Recording Your iPhone and iPad Screen While Recording

Someone I know was shooting the screen of their iPad and iPhone with a camera for tutorials, so I showed him this trick to record the screens, even while shooting video. http://bit.ly/SubscribeToBasicFilmmaker

I find this a great way to show iPhone and iPad apps, usage, tutorials, support, helping the technologically challenged, and recording a recording of your recording. 🙂

What I shoot/edit episodes with:

———————————————————————–

Amazon:

Canon 5D: https://amzn.to/2HA1zQC

Canon 50mm: https://amzn.to/2vgPcq4

Rode NTG-3: https://amzn.to/2GY9cPO

Zoom H6 Recorder: https://amzn.to/2MjiOdL

Aputure Tri-8 Kit: https://amzn.to/2HyvE2U

Adobe Pemiere Pro: http://bit.ly/AdobeCCFull

B&H:

Canon 5D: https://bhpho.to/2GXbUoz

Canon 50mm: https://bhpho.to/2HzkoDE

Rode NTG-3: https://bhpho.to/2HxxL75

Zoom H6 Recorder: https://bhpho.to/2AWDfsB

Aputure Tri-8 Kit: https://bhpho.to/2H0IHJk

Adobe Premiere Pro: http://bit.ly/AdobeCCFull

More gear at https://www.kit.com/basicfilmmaker

Filmmaker Training:

———————————————————————–
https://www.basicfilmmakeruniversity.com

Credits

———————————————————————–

Outro by Kevin Anson: http://bit.ly/EmoticonToolkktKevinAnson

Music by Premium Beat: http://bit.ly/PremiumBeatMusic

Connect with me here:

———————————————————————–
http://bit.ly/BFM-YOUTUBE
http://bit.ly/BFM-FB
http://bit.ly/BFM-TWITTER
http://bit.ly/BFM-INSTAGRAM
http://bit.ly/BFM-UNIVERSITY


Copyright (c) 2018 Basic Filmmaker

All rights reserved.

———————————————————————–

Note that some of these links are affiliate links and help keep the channel going. Thanks for your support, as it really helps offset the costs!

https://www.youtube.com/watch?v=EkimdfcJh28

The Radiohead Effect

Only a handful of bands truly command attention and analysis when one of their songs enters a scene. Radiohead is undoubtedly one of these bands. Sure, two of their key members are successful film composers and their unique sound definitely lends itself to cinema, but it’s more than that.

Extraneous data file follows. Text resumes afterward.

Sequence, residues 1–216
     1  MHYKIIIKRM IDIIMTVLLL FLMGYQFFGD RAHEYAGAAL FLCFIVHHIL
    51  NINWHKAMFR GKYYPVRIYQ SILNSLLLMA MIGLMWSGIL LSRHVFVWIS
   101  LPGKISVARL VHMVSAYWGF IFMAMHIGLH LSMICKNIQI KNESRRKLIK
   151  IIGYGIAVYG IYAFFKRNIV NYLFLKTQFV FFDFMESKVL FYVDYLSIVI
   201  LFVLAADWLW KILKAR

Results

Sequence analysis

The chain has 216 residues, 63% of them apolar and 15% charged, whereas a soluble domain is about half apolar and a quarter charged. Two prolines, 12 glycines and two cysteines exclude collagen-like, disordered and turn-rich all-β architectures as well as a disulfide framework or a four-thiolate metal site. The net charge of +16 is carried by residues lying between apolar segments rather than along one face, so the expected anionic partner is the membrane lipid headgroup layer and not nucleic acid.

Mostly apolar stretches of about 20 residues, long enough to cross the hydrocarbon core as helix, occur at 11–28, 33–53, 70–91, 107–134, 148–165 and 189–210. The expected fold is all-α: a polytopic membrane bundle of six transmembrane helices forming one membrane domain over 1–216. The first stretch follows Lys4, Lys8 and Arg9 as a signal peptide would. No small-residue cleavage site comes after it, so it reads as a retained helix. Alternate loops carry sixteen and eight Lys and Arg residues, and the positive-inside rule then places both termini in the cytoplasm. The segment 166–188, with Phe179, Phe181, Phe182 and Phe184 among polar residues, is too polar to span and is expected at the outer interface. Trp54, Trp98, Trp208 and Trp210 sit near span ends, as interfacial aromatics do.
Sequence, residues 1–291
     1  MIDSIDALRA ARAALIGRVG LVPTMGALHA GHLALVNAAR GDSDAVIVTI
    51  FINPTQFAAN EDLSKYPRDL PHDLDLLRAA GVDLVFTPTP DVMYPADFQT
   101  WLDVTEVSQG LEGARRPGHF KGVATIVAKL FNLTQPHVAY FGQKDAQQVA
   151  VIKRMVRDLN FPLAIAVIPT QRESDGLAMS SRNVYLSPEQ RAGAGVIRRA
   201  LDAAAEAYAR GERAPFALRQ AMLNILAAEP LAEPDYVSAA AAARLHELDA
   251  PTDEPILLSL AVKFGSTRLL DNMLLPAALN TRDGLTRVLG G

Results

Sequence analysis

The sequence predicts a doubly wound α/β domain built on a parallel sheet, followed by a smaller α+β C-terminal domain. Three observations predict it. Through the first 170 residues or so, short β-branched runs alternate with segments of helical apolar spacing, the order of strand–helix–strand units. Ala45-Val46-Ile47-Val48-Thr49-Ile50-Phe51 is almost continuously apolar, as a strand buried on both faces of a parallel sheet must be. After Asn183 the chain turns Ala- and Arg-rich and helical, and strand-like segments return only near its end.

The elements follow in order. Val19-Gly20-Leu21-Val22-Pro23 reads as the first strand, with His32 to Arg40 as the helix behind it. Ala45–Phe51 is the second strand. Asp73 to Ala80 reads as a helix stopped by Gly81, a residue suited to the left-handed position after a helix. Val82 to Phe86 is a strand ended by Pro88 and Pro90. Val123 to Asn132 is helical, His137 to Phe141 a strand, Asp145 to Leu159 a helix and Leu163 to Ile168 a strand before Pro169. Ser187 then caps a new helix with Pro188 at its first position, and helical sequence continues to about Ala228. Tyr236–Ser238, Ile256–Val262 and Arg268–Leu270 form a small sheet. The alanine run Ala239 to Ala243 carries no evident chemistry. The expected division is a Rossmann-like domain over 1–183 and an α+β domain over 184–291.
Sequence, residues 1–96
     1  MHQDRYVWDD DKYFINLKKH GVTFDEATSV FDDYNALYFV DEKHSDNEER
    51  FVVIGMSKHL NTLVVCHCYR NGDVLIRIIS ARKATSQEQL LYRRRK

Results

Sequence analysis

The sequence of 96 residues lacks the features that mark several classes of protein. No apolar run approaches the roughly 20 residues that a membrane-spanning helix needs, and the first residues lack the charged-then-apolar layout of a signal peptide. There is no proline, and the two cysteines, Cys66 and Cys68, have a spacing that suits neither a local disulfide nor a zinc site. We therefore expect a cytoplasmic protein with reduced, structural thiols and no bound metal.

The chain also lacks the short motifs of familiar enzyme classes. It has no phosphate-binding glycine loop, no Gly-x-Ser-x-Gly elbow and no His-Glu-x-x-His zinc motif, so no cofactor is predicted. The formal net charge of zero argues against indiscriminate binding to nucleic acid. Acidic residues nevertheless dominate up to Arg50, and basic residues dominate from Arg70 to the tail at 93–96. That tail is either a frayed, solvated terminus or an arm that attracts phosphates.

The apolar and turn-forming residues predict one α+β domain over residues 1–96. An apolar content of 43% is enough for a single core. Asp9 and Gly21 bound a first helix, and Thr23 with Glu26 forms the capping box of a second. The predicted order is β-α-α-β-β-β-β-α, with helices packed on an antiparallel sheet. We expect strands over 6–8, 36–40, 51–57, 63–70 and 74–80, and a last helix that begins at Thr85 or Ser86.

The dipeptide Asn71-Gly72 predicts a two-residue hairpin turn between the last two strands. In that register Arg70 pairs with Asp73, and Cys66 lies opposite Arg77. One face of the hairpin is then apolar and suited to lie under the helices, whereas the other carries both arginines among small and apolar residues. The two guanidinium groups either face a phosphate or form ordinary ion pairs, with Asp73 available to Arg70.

Radiohead’s music is hard to define. It weaves in and out of various genres; it’s distant yet comforting; it’s harsh yet beautiful and poetic. But maybe most importantly, Radiohead’s music makes us think. Listen to any random track and you can immediately tell that an extraordinary amount of thought went into every single note and word. When one of these songs accompanies a scene, this thoughtfulness bleeds into the narrative. In short, Radiohead’s songs are the keys to opening doors that filmmakers didn’t think they could open.

If you’re as fascinated as we are about how a great composer can elevate a film, don’t miss our “Score Auteur” series, featuring Radiohead’s own Jonny Greenwood, Hans Zimmer, and Trent Reznor. And follow up those great videos with our article on the aesthetic of the late, great Jóhann Jóhannsson.

https://www.youtube.com/watch?v=1wIkL0tPi-o

Facebook Pixel to get first-party cookie option for advertisers

facebook-removes-fake-accounts-posed-as-

  acebook has announced its plan to add a first-party cookie option for Facebook Pixel. It will give advertisers, publishers and developers continued access to data from the Apple Safari browser. They can use it to measure and analyze how their campaigns are performing on the website. Brands in the financial and medical sectors will […]

http://socialbarrel.com/facebook-pixel-first-party-cookie-advertisers/117622/